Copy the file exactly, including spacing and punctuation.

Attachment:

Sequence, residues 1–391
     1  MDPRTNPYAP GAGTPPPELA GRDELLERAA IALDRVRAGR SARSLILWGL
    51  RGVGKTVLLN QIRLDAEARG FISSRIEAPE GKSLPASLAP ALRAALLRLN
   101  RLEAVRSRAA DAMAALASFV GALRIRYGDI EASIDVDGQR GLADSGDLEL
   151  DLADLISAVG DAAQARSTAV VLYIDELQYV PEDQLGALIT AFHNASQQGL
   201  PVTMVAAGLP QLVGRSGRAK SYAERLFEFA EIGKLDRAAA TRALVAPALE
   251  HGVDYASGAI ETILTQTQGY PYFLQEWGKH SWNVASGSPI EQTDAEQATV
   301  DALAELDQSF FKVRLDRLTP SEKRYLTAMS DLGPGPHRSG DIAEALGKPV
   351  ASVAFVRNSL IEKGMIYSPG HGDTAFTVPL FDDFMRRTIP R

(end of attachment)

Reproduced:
Sequence, residues 1–391
     1  MDPRTNPYAP GAGTPPPELA GRDELLERAA IALDRVRAGR SARSLILWGL
    51  RGVGKTVLLN QIRLDAEARG FISSRIEAPE GKSLPASLAP ALRAALLRLN
   101  RLEAVRSRAA DAMAALASFV GALRIRYGDI EASIDVDGQR GLADSGDLEL
   151  DLADLISAVG DAAQARSTAV VLYIDELQYV PEDQLGALIT AFHNASQQGL
   201  PVTMVAAGLP QLVGRSGRAK SYAERLFEFA EIGKLDRAAA TRALVAPALE
   251  HGVDYASGAI ETILTQTQGY PYFLQEWGKH SWNVASGSPI EQTDAEQATV
   301  DALAELDQSF FKVRLDRLTP SEKRYLTAMS DLGPGPHRSG DIAEALGKPV
   351  ASVAFVRNSL IEKGMIYSPG HGDTAFTVPL FDDFMRRTIP R